How you live in the world depends on how you look at it. Do you think everything boils down to economic oppression and revolution? Then you're probably a Marxist. Do you think everything is pointless and everyone can do what they want? You're probably an atheistic nihilist. Do you believe God is sovereign and that the only hope for humanity is faith in Jesus? Then you're a Christian, and this book is for you.
These underlying beliefs that drive our attitudes and actions are called a worldview because they determine how you look at everything, from whether you should eat pork to how you read books to whether you should vote in 2016. It might seem to go without saying, then, that we should all thoroughly understand our own worldview in order to live consistently with it, but the truth is very few people these days have spent much if any time reflecting on their presuppositions, or how those ideas affect them.
Still, it's inaccurate to say that Christians need to understand their worldview "now more than ever" because it has always been, and always will be, imperative for Christians to understand their worldview as long as they wait for Christ's return. But it does seem more urgent in our era of radical swings away from biblical morality, biblical thought, and biblically-influenced common sense.
As readers of Mark Ward's Biblical Worldview: Creation, Fall Redemption will no doubt begin to see, however, "now more than ever" probably best applies to decades past. Thinking and attitudes opposed to biblical truth don't just come from nowhere, but are the natural (or unnatural) result of people succumbing to the effects of the Fall: sinfulness in general, and their own in particular. Ward presents a defense against such wayward thinking by building a thoroughly Christian and biblical worldview piece by piece.
How Does This Work?
As a textbook for high school seniors, Biblical Worldview: Creation, Fall, Redemption is pretty straightforward. There are nine parts (Worldview; Creation; Fall; Redemption; Marriage, Gender Roles & Family; Government & Politics; Science; History; Arts & Culture), each with three chapters that flesh out the major theme of that section. Every few pages readers will find a "Thinking It Through" section with several challenging questions that can be answered by students in writing or can facilitate discussion.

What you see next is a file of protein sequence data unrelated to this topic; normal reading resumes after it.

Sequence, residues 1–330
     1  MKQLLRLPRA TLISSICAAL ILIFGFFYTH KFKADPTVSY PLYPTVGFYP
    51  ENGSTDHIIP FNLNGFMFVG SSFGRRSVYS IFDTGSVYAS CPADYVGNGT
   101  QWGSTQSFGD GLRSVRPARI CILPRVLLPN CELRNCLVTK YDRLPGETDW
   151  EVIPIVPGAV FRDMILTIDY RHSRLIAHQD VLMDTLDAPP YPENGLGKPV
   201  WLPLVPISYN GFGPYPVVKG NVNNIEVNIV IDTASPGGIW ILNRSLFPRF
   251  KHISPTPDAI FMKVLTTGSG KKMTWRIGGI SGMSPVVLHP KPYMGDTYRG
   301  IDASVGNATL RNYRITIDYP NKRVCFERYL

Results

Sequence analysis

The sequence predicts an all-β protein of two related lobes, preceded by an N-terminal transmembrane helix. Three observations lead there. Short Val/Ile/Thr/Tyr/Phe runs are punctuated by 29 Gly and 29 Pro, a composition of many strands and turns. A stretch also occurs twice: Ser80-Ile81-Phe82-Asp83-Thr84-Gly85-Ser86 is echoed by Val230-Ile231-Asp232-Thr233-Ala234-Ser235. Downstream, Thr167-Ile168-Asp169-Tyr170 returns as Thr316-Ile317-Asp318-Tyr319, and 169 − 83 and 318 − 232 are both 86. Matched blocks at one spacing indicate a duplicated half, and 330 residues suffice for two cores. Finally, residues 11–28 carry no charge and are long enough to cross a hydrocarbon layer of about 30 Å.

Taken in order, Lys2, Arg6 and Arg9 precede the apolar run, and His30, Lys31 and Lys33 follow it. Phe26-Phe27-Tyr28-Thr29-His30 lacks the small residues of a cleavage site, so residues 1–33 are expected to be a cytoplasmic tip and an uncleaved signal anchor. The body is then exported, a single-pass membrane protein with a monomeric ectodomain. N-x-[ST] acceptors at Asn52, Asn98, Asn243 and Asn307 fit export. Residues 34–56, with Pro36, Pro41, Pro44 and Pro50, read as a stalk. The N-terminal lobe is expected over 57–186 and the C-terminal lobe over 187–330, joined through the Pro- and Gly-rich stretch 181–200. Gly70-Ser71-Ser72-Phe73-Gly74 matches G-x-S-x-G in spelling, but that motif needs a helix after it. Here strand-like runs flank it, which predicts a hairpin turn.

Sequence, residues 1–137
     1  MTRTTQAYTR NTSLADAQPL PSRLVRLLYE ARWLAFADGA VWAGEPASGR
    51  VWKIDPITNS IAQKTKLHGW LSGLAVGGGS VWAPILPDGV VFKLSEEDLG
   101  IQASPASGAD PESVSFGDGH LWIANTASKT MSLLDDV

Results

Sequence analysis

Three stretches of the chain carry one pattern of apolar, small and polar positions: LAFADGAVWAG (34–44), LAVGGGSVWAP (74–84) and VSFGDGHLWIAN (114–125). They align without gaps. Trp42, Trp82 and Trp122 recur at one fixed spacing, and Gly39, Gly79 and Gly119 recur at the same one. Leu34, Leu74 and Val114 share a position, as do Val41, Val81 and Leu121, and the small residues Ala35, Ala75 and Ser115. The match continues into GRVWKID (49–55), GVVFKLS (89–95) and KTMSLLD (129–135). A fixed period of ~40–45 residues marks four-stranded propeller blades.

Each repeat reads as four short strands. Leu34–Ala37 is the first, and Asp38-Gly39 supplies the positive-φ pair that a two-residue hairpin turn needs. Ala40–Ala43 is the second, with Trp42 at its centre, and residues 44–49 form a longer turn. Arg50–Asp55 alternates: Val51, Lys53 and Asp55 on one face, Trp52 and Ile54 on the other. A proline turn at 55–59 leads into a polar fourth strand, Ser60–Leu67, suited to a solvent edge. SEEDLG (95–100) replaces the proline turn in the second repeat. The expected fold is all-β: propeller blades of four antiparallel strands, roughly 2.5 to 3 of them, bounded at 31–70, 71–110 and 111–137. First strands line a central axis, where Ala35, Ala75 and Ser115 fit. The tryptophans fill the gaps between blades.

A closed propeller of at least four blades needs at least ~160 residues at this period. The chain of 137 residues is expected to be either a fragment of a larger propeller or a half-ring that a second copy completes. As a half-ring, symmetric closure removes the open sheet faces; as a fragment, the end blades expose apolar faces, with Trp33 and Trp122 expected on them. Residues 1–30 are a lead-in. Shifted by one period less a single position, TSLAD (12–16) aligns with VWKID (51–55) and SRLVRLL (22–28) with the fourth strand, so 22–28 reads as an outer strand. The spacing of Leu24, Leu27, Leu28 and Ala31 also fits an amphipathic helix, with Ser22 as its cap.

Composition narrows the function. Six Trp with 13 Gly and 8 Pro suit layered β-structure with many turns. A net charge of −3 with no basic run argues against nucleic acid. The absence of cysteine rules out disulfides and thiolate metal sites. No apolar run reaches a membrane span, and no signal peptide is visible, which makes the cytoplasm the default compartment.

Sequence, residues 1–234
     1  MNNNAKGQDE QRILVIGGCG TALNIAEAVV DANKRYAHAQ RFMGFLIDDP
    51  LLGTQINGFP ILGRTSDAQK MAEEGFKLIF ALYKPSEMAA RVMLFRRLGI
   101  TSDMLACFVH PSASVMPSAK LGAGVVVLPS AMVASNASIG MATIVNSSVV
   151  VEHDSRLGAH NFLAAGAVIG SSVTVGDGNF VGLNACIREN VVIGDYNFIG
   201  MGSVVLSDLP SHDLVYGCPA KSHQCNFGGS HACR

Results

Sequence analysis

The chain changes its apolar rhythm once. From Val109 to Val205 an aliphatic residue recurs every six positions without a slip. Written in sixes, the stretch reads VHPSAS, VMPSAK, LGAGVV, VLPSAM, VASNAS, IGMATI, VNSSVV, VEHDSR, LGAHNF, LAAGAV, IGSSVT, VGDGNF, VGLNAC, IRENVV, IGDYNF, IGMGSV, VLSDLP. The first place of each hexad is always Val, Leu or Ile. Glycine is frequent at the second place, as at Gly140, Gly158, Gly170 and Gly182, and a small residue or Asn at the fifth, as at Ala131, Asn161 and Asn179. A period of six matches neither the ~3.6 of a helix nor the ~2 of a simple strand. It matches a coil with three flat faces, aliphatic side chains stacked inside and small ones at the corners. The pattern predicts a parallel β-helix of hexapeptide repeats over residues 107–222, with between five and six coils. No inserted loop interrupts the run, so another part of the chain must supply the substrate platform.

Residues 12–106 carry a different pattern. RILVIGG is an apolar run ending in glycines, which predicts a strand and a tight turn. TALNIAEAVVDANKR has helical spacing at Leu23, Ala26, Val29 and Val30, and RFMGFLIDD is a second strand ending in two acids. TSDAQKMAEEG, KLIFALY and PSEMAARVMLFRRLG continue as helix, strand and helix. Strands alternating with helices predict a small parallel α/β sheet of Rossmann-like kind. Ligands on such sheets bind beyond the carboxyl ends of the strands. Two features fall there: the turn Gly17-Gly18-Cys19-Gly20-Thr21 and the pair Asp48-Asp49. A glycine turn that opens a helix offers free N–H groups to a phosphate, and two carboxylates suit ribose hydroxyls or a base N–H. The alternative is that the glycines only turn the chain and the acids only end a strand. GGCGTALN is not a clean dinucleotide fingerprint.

A one-page chapter review at the end of each chapter offers a Scripture memory passage, "Making Connections" questions that help students draw lines between the book's content and the world around them, "Developing Skills in Apologetics and Worldview" questions that help readers learn to defend their faith against challenges, "Examining Assumptions and Evidence" questions that help students investigate secular attitudes and claims, and a "Becoming a Creative Cultivator" challenge prompting students to find constructive ways to put their own worldview to use.
The book is text-heavy, with relatively few images for a volume approaching 500 pages, though the images that are included (mostly full-color photographs) are very attractive. In fact, the whole layout of the book displays a close attention to aesthetic detail, with readable font, logical page layouts, and a full-color painting commissioned particularly for this book appearing at the beginning of each section. At the end you'll find an index, endnotes (which can double as a secondary reading list), and the assigned Scripture memory verses in ESV translation.
Biblical Worldview: Creation, Fall, Redemption is intended for use over one school year. The audience is assumed to be 12th graders, but the depth, rigor, and maturity of the content would make it ideal for older readers as well; because of the probing nature of the study questions, it would probably make an ideal text for a college or adult Bible study or Sunday school class. For high schoolers, close parent or teacher interaction are ideal, but not necessary.
A teacher's edition is available that includes lesson plans with objectives for each module to help you actually instruct your students and to guide conversations. For those using this in a group setting, or if you're uncertain of your ability to adequately digest and present Ward's concepts to others, the teacher's edition is helpful; otherwise, it's not necessary. There is also an answer key for the upcoming student manual (an accompanying worktext) and a key to test questions.
So, what's the content? First of all, this isn't your typical "catalog of worldview options" curriculum. Dr. Mark Ward (who wrote much of the book but oversaw rather than conducted much of the research and organization) focuses on helping readers understand and construct their own biblical worldview rather than comparing it to other options. There is plenty of interaction with non-Christian ideas and philosophies, but no systematic examination of them.
Second, Ward is a Reformed Baptist theologian, so his version of the biblical worldview is covenantal and Reformed, with an emphasis on theological truths rather than philosophical speculation. That's not to say there's no philosophy here, though—Ward does philosophy right, using the theological truths of Scripture to think philosophically about how those might be applied and manifested in the world around us, and in students's lives specifically.
The authors believe all of history can be interpreted and understood within the "creation, fall, redemption" rubric. The chapters in each section reflect this pattern, with the first covering the way God made things, the second how sin has distorted this creational order, and the third what God has done to restore his creation and what role we are to play in that. For instance, the section on science begins with a chapter defending the study of science as a pursuit originally intended by God for humans to embrace, continues with a chapter discussing the many prevalent anti-Christian approaches to science, and ends with a chapter on how Christians might do science in the current climate.